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Title: The hindrances to the US pacification advisory effort in the Vietnam War from the perspective of the advisors
Author: Pulliam, William Nathan (Nate)
ISNI:       0000 0004 7231 6506
Awarding Body: University of Oxford
Current Institution: University of Oxford
Date of Award: 2017
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During the Vietnam War, an American advisory effort supported the South Vietnamese as they attempted to pacify the countryside. The subject of this thesis is that advisory effort. The pacification effort used a whole-of-government approach to counterinsurgency that included civilian development, humanitarian assistance, and local security. This inquiry explores the pacification advisory effort's greatest impediments to success, and also seeks to determine pacification's proper place in the story of the war. In general, the historiography is weak on that, and this thesis challenges the historiography by reconstructing the war from the perspective of the advisors rather than the policymakers. To do that it uses mostly untapped sources. The thesis also seeks to determine if there were conceptual problems with the advisory effort. The inquiry makes several findings. First, despite the prevailing narrative, pacification was always at the center of strategy. Even the large search and destroy operations were explicitly intended to shield the pacification effort. Second, there were four significant hindrances to the advisory effort: (1) the challenge of achieving unity of effort among the various American agencies; (2) confusion over how to earn the allegiance of the people; (3) government corruption; and (4) a dysfunctional Vietnamese command and control system. In the end, the US had overcome the first, muddled through on the second, and completely failed on the third and fourth. However, perhaps the most significant finding of this project is that there was indeed a substantial problem with the way the US conceptualized the advisory effort. They invariably tried to solve problems at the bottom that could only have been solved at the top, and in the process made certain that the Vietnamese chain of command would never be forced to stand on its own.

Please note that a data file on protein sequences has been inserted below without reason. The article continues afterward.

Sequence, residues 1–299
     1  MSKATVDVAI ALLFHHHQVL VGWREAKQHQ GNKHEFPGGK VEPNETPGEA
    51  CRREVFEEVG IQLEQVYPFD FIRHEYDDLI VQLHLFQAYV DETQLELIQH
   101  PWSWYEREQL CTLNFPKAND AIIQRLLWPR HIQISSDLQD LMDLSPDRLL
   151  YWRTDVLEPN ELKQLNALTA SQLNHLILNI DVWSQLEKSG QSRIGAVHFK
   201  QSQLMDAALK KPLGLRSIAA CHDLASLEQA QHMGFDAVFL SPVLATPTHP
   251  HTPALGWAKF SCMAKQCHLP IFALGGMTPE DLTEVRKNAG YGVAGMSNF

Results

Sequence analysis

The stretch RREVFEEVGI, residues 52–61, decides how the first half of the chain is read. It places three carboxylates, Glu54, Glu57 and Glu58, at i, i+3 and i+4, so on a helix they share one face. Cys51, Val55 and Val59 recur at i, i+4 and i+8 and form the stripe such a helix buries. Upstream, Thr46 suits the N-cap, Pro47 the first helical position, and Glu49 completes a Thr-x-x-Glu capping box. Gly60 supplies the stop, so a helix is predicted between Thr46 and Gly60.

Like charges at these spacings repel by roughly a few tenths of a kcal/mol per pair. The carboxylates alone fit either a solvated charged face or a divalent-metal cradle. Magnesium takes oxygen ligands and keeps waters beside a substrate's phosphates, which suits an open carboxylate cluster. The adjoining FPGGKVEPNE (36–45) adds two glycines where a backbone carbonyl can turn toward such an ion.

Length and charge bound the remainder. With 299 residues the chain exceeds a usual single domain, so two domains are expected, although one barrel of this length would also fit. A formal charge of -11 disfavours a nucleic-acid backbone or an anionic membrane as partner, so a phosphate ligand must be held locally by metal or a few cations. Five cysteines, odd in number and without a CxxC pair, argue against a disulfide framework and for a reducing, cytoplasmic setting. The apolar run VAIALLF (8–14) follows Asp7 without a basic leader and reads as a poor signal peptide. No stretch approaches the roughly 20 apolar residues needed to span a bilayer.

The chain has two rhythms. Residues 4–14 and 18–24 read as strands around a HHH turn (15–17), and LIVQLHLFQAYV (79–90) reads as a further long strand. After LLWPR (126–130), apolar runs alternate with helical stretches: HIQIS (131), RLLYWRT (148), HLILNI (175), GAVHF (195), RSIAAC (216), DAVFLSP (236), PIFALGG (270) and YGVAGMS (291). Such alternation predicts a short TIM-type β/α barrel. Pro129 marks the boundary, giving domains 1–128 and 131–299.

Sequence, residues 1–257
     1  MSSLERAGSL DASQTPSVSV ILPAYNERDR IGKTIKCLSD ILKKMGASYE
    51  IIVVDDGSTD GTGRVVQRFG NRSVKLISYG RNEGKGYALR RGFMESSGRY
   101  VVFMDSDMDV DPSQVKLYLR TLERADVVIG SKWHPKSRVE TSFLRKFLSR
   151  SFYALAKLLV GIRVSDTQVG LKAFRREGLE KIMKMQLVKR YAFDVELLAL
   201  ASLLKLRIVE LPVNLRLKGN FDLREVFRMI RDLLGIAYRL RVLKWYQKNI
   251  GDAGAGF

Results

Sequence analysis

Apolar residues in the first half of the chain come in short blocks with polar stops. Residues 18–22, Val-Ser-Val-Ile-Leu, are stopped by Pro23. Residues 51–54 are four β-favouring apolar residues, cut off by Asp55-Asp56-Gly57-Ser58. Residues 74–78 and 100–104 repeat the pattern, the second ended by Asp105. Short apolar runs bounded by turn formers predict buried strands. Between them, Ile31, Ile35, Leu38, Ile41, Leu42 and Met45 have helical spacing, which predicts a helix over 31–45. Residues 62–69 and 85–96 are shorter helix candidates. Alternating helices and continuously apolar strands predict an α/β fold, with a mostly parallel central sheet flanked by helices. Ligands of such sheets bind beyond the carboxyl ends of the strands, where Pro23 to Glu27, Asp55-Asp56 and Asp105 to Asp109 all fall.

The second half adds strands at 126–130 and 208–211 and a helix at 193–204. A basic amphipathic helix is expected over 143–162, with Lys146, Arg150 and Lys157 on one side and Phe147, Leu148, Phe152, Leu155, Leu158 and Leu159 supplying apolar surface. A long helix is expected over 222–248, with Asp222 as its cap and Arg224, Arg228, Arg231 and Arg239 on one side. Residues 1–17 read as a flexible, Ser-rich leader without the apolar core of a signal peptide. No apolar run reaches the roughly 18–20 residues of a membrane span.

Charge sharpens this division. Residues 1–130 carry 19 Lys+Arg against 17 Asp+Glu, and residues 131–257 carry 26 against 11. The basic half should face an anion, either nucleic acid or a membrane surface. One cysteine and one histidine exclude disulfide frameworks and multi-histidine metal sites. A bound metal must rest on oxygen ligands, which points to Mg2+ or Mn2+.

Supervisor: Davies, Gareth ; Dumbrell, John W. ; Tuffnell, Stephen Sponsor: Not available
Qualification Name: Thesis (Ph.D.) Qualification Level: Doctoral
EThOS ID:  DOI: Not available